Thirty-one years ago I was a struggling young pastor. Jan and I, along with our two little children, left all that was known and familiar to us and journeyed north to Montana to plant a church. This was our first attempt at starting a church and our first time living in Montana. We had no idea how it was to be done. We simply had a word from God and were acting upon that word in faith.
After a few months went by my parents came for a visit. Mom and dad grew up in the rough and scrabble life of working class America living through the Great Depression. They knew what tough times felt like.
It’s strange how we can be “all grown up” as adults and find ourselves responding to our parents like we are still a twelve year-old kid. While most of this child-in-an-adult-body-response is held inside, sometimes it can come out. During my parents visit my inner twelve year old spoke out a few times in frustration.
When mom and dad visited, we had less than 10 people including our family, attending our church. I felt like I was on display as a pastoral failure. During this visit the mere presence of my parents allowed me to emotionally let down and explore some of my feelings. I felt afraid, alone and scared of what was happening in my first attempt at public ministry.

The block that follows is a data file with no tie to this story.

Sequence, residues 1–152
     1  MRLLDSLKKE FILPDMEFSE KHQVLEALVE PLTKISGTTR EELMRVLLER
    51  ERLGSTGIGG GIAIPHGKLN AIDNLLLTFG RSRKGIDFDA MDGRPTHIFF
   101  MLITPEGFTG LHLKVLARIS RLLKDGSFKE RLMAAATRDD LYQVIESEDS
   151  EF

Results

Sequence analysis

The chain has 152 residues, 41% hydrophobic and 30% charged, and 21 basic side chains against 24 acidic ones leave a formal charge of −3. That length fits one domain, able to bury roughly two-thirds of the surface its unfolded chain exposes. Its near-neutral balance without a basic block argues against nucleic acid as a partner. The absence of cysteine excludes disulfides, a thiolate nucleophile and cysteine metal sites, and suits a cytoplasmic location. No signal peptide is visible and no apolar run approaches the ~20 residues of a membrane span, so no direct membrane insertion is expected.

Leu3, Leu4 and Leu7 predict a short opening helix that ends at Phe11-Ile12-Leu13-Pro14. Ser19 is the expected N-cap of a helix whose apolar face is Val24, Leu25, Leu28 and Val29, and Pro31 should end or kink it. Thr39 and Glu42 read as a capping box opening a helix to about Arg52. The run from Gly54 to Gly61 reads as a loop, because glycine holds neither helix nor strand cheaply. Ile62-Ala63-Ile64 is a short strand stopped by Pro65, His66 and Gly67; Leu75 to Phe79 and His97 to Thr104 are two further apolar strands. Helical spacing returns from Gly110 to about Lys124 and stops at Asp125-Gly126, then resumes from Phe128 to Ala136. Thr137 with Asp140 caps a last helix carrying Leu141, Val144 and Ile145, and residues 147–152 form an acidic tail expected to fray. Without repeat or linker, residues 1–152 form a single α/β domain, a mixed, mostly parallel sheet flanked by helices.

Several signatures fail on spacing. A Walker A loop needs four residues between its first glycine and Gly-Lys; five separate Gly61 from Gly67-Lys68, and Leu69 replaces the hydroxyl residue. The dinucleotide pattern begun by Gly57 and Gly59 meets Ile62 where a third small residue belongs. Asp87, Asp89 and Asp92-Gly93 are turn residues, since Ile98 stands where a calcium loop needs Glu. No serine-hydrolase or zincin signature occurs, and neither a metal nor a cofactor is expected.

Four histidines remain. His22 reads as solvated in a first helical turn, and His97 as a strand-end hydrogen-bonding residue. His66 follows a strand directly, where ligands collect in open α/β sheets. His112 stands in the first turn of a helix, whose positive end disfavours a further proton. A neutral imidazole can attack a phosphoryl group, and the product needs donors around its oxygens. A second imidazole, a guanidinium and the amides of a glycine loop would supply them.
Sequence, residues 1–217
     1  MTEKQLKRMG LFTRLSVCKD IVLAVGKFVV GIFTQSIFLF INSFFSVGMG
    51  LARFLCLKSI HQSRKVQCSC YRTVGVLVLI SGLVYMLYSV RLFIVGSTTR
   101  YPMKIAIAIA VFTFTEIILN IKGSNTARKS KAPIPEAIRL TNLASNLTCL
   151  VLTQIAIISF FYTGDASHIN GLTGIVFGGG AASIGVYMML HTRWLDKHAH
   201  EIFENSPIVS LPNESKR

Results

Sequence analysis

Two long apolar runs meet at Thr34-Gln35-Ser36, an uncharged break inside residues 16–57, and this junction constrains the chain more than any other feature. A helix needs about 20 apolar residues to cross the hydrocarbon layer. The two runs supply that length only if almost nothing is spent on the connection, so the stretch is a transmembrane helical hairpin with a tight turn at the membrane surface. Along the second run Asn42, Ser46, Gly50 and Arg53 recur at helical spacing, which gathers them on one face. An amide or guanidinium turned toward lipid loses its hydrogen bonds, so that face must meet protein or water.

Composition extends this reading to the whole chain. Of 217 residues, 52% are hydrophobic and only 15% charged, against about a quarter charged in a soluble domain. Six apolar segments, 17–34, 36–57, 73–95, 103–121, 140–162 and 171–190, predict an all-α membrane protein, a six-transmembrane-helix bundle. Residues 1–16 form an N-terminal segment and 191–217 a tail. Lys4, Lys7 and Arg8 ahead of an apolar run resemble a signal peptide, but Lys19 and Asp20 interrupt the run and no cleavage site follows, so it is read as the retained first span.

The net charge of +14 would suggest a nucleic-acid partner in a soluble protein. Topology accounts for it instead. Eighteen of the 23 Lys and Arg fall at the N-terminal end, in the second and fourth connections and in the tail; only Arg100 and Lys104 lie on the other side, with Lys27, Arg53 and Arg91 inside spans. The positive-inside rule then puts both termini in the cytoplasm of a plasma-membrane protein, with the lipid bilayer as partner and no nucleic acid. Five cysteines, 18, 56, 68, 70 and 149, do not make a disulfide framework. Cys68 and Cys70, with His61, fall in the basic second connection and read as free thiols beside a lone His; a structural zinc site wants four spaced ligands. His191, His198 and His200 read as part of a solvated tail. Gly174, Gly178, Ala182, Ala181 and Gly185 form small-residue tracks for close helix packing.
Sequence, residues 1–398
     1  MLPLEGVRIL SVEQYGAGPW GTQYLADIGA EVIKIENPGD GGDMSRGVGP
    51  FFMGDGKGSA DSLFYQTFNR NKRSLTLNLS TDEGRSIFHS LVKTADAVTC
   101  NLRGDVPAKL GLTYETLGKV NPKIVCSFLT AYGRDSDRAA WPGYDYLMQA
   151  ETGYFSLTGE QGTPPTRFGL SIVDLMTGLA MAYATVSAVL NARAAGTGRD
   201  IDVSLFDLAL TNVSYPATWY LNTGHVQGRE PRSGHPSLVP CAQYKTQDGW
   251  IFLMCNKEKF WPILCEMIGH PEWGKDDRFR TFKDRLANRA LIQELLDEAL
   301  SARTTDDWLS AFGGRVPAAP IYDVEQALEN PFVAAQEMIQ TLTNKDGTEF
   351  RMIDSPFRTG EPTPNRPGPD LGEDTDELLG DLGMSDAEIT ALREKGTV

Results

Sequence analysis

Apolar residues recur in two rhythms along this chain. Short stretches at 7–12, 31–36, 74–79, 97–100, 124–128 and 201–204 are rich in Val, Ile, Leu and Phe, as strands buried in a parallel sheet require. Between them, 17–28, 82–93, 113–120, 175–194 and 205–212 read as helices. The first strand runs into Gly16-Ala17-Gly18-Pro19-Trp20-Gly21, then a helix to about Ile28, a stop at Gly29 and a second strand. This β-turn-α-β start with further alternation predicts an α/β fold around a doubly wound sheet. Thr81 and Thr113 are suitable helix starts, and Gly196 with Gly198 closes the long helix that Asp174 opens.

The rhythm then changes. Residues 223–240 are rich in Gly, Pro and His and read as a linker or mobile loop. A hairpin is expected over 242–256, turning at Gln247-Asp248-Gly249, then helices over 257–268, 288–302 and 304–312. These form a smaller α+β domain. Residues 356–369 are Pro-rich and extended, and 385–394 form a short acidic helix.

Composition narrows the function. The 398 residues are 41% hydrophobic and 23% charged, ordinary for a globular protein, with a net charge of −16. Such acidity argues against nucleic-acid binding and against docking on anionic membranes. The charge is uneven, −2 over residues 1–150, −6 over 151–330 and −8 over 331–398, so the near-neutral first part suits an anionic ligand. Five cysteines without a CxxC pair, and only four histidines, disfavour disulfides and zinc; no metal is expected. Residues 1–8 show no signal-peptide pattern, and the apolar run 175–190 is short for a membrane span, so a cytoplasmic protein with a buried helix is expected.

The day mom and dad departed, Jan and I stood on our porch and waved goodbye as their Oldsmobile pulled out from our driveway and disappeared down our dusty Montana road. I was feeling the sorrow of saying goodbye to two people who brought me such a sense of security by simply being in their presence for a few days.
I went back into the house and sat at my desk located in the corner of our bedroom. When I picked up my Bible I found a $100.00 bill lying underneath. I knew my parents had left the money for us. We were living from one meager offering plate to the next. As I held that bill in my hand, I broke down and began to cry like a baby. All the emotions I had carried for months began to puddle on my desktop.
As I scroll back over the years, I realize how powerful a single act of unsolicited love can be. That $100.00 bill had no note or condition attached to it. The bill just sat there, but it spoke deeply to me. It said, “Son, God is in this.” “We love you.” “It is not over until it’s over.”
I have come to see these acts of love, acts of love without words or notes attached to them, as some of the most powerful. They are powerful because they allow the recipient to attach their personal emotion and experience to them.
That day, as I looked out from my desk across the Montana landscape, I felt a deeper love and appreciation for my parents. I was given a gift of love that helped me continue to walk deeper on my journey of faith and not give up. I knew that through my parent’s act of unsolicited love, God was saying to me, “I love you, Garris. I am with you in this. Don’t give up.”